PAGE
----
Tag Archives: severe weather

WKU Storm Chase 2016 – Day 13

Before our morning forecast discussion, Flavia Moraes presented her thesis defense on mesoscale convective complexes in southern Brazil (Figure 1). She did a fantastic job presenting incredibly interesting research on how these complexes form and what conditions they form under; … Continue reading

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WKU Storm Chase 2016 – Day 12

Models indicated this morning that a much deeper surface low would coalesce by the afternoon as a shortwave ejected northeastward along an upper-level trough. This low would be the deepest and most organized of the trip, and as a result … Continue reading

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WKU Storm Chase 2016 – Day 11

Much weaker low pressure and the presence of much weaker and more diffuse boundaries meant today would likely be a slow day for storms across our target region, although instability and mid-level shear would be enough to support supercell development … Continue reading

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WKU Storm Chase 2016 – Day 10

Words cannot describe the feelings I experienced today. I could say I was awe-inspired, and it would not be enough. I could say I was terrified, and it would not be enough. I could say I was exhilarated, and it … Continue reading

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WKU Storm Chase 2016 – Day 9

Morning observations identified a weak surface low over the extreme western Oklahoma Panhandle as a result of a shortwave trough rotating through the region that would provide some convergence and an anchor for the dryline draped in a southwest-northeast fashion … Continue reading

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WKU Storm Chase 2016 – Day 8

Morning model data indicated a broad area of severe risk, but two specific areas of interest became clear to us. A surface low began to form overnight in northeast Colorado as a result of the upper-level trough moving in from … Continue reading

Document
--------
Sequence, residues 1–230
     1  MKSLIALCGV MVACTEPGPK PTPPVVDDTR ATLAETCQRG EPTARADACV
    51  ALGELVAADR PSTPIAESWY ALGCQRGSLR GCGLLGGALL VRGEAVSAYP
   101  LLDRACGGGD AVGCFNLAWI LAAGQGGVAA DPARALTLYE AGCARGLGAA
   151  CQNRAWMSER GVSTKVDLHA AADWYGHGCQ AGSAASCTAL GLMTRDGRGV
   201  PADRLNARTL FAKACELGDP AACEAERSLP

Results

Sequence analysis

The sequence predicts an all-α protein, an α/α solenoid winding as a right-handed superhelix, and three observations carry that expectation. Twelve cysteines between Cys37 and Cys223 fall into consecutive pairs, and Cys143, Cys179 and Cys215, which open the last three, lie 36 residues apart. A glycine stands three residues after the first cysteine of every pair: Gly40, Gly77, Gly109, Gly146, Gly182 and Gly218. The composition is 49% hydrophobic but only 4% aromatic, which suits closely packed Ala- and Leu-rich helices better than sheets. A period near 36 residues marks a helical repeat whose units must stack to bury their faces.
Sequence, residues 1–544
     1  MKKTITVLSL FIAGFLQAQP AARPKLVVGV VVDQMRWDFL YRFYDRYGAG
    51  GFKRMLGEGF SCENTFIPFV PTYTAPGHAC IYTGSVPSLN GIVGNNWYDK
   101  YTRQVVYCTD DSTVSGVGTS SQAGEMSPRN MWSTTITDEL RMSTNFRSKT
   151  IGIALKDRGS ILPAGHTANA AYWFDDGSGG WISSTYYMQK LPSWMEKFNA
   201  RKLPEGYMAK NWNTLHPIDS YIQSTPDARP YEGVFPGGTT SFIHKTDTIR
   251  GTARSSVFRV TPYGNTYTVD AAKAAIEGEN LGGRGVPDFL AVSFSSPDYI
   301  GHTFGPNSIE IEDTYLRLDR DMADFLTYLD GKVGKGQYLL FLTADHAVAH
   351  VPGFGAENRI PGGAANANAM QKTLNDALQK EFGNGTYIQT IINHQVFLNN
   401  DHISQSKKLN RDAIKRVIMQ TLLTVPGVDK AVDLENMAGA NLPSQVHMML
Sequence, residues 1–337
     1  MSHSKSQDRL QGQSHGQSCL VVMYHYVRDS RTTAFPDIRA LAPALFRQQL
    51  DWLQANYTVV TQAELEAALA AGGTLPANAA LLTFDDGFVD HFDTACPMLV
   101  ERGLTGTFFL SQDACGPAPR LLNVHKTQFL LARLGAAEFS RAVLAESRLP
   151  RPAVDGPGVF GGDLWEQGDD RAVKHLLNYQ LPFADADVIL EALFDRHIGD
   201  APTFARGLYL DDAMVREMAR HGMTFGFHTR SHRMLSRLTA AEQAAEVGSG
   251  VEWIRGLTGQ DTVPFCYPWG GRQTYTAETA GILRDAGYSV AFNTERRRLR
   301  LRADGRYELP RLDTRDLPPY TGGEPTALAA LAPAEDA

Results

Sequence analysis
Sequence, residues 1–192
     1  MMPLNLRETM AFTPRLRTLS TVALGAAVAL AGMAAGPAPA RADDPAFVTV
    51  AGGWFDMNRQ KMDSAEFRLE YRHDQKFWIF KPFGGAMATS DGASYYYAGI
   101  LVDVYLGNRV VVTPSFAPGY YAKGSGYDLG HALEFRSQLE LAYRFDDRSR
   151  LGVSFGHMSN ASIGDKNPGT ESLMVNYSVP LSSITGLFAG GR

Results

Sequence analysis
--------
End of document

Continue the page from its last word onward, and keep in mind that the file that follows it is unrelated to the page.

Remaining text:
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WKU Storm Chase 2016 – Day 7

A forecast discussion last night in partnership with College of DuPage at our hotel pointed out an area of instability ribboning from Amarillo, through southwest Kansas, and north to the Cheyenne Ridge in northeast Colorado. A moisture axis paralleled this … Continue reading

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WKU Storm Chase 2016 – Day 5

Although morning observations indicated a decent boundary in extreme south Texas and model data suggested sufficient instability to produce thunderstorms, sheer distance and the necessity to set up for our next few events prevented us from traveling there. We instead … Continue reading

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WKU Storm Chase 2016 – Day 3

Our morning forecast discussion was done on the road after an 8:45 AM CST departure from Amarillo, TX. The convective outflow boundary from yesterday’s storm complex descended southward overnight, pushing moisture with it and containing higher dewpoints in the south … Continue reading

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WKU Storm Chase 2016 – Day 2

Our morning forecast discussion identified an enhanced kink in probable dryline formation that formed an axis between the western Panhandle regions into the central Texas Panhandle. Model data suggested caps would break around 1-2 pm in Colorado and storms would … Continue reading

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